I thought they were the Bangs
For a while afterward, I thought the group that we saw that evening was the Bangs, not the Bangles. So I got to brag, “I saw the Bangles when they were still the Bangs.” Why a group with a couple of albums out as the Bangles would revert to their earlier name for a concert in the desert of the Southwestern United States didn’t dawn on me to ask myself!
The possibility exists that we were told the group we were enjoying was the Bangles but were too stoned and simply heard “the Bangs.”
Finally, the Psychedelic Furs followed the Bangles and made many of us forget the opening act. The Furs had a bigger sound, a far more complicated production (I remember lots of lights), and a fine combination of professionalism tempered by a punky edge.
After the group’s initial success, DownKiddie reissued Getting Out Of Hand / Call On Me with the same catalog number but with both the record and the sleeve crediting the artist as the Bangles. The red label record with the sleeve has a suggested NM value of $25-30.
The Avid Record Collector
The most collectable record associated with the Bangles was their first single in 1981 they had issued when they were a trio known as the Bangs. The members were Susanna Hoffs, Debbi Peterson, and Vicki Peterson. Their first single, Getting Out Of Hand / Call On Me (DownKiddie DK-001), was issued with the then requisite homemade-looking picture sleeve. It went nowhere and is a rather rare record today.
The green label record with the picture sleeve of Getting Out Of Hand / Call On Me (DownKiddie DK-001) credited to the Bangles has a suggested NM value of $15-20. 4
Bangling in the round place
This brief piece was originally written earlier this morning as a comment on an article titled “Bangling” at Nondisposable Johnny’s The Round Place In The Middle blog. I ended it with this statement: “So I share your enthusiasm for their first long-player and thank you for including the video of I’ll Keep It With Mine, which I may have left this life-cycle without ever having been aware of otherwise.”I didn’t know who the Bangles were when I saw them as the unannounced opening act for the Psychedelic Furs in 1984. Click To Tweet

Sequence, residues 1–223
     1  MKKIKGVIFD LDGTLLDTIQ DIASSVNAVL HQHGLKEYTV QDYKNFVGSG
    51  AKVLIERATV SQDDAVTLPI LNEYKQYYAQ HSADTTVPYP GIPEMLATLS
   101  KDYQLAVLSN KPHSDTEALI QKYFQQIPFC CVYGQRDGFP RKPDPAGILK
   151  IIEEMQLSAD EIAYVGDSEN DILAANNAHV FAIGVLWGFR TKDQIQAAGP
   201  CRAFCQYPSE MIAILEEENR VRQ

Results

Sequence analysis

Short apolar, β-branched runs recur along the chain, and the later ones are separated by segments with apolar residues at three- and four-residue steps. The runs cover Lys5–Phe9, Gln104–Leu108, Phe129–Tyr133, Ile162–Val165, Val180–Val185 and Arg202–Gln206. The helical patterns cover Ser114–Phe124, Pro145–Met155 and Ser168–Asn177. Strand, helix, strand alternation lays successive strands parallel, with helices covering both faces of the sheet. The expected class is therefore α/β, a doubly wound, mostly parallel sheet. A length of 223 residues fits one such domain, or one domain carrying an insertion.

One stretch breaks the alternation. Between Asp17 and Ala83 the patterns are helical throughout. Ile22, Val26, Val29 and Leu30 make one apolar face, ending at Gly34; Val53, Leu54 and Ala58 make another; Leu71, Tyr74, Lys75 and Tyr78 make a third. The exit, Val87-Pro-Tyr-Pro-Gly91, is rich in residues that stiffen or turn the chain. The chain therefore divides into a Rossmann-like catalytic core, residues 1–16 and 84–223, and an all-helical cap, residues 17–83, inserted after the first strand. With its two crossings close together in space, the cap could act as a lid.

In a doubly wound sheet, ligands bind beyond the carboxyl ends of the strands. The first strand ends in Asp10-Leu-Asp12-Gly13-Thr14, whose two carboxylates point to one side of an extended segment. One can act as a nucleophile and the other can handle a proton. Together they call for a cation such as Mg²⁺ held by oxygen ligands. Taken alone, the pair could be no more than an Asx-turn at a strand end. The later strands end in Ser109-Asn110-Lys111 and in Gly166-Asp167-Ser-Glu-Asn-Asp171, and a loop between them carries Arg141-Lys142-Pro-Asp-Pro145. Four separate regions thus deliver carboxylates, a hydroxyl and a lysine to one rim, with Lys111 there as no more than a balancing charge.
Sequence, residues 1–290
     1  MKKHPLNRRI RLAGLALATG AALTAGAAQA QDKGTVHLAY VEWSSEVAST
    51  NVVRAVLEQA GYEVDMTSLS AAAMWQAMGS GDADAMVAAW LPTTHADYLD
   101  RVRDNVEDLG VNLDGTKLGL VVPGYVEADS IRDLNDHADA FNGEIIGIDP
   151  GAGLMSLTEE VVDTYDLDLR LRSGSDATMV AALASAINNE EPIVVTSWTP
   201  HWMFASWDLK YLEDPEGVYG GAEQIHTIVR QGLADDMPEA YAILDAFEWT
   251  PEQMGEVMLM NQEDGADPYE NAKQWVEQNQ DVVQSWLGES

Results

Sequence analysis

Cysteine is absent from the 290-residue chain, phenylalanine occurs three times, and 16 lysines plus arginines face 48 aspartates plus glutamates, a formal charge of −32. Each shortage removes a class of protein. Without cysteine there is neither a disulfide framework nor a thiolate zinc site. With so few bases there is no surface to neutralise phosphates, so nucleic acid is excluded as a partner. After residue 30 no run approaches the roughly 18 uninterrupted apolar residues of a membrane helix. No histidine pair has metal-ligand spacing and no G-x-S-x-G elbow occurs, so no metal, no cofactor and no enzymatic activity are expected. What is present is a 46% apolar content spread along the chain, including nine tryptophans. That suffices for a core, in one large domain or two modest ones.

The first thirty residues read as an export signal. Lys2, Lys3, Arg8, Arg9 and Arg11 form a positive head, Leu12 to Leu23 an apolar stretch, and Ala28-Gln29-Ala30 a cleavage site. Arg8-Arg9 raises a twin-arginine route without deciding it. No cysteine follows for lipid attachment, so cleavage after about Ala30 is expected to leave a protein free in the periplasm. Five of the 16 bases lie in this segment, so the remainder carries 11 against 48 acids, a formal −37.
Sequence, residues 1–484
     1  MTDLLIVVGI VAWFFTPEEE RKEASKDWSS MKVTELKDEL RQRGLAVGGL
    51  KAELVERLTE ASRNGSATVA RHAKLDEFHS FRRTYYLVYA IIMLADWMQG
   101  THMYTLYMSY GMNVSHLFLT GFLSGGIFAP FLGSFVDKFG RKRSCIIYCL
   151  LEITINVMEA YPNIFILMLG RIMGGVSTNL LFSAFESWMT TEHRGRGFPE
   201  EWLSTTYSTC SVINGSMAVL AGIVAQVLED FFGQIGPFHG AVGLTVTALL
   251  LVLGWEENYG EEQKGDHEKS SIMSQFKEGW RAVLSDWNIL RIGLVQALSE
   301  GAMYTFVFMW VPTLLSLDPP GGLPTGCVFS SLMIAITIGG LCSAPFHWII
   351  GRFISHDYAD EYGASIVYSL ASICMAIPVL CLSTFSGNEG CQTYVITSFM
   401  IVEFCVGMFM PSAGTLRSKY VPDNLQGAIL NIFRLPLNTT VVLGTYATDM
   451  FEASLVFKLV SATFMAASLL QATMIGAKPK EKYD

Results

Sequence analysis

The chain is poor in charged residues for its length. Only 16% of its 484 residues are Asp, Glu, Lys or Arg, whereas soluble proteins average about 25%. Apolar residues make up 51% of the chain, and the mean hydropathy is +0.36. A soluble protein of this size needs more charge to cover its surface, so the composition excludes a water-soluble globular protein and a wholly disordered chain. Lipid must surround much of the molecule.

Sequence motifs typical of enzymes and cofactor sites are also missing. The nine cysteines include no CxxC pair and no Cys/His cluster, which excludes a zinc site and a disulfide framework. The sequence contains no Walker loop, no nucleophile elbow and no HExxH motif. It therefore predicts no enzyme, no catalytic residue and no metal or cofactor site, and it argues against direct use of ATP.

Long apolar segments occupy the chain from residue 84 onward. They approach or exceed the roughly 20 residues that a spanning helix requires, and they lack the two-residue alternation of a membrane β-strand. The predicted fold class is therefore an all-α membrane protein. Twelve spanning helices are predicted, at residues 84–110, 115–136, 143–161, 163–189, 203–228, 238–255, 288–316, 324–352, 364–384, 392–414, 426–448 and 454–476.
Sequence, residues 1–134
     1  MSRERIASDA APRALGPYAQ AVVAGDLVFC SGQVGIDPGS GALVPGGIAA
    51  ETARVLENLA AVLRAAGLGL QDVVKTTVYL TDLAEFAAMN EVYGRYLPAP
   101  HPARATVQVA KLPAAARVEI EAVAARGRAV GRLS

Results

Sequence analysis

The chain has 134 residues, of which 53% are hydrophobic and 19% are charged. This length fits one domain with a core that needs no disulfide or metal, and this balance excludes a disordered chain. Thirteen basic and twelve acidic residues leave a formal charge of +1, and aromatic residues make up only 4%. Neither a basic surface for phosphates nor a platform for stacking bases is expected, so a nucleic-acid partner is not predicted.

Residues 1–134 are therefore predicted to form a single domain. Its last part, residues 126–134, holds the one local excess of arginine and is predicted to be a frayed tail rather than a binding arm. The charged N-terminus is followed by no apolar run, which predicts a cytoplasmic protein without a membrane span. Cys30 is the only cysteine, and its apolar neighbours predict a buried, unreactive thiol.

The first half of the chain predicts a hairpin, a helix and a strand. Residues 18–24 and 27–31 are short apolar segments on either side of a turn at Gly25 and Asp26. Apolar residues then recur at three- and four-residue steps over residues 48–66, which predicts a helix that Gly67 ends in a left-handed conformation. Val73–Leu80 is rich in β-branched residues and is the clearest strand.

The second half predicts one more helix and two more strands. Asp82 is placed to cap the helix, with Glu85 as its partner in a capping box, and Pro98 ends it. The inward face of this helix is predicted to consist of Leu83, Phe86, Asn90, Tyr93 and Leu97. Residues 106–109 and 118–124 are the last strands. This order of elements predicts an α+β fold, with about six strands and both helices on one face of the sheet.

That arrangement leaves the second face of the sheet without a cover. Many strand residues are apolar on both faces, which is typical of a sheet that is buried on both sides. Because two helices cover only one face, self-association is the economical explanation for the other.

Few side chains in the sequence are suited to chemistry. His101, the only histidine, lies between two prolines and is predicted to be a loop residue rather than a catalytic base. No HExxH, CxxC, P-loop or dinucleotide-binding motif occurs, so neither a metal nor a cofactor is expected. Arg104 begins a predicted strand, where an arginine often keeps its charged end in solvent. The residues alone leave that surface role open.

FEATURED IMAGE: The photo at the top of this page was taken around the time of the Bangles’ appearance at The Ritz in New York on September 28, 1984. It was broadcast live over WLIR-FM at the time. They would remain a critic’s fave until Prince heard them and bestowed the magic song Manic Monday on them, giving them a huge hit and catapulting them into national consciousness and platinum sales in 1986.
1 Wait! I forgot! Tens of millions of Americans who consistently vote Rep*blican still believe in “voodoo economics” and are still (still!!!) anticipating the wealth to trickle down from the pockets of the top 1% of income-earners. This time courtesy of President Trump, who they believe is going to succeed where Presidents Reagan, Bush, and Bush failed them.
2 The archaic skull and crossed bones (N) is as close as I could come to the unprintable mystic symbol that is a shortcode for TWFKATLOML, an initialism for “the woman formerly known as the light of my life.”
3 I believe they did several other songs from the ’60s, including ones by the Yardbirds and Paul Revere & the Raiders.
4 Copies of DownKiddie DK 001 with two other label colors, yellow and blue are supposed to exist, but I couldn’t find them on the Internet.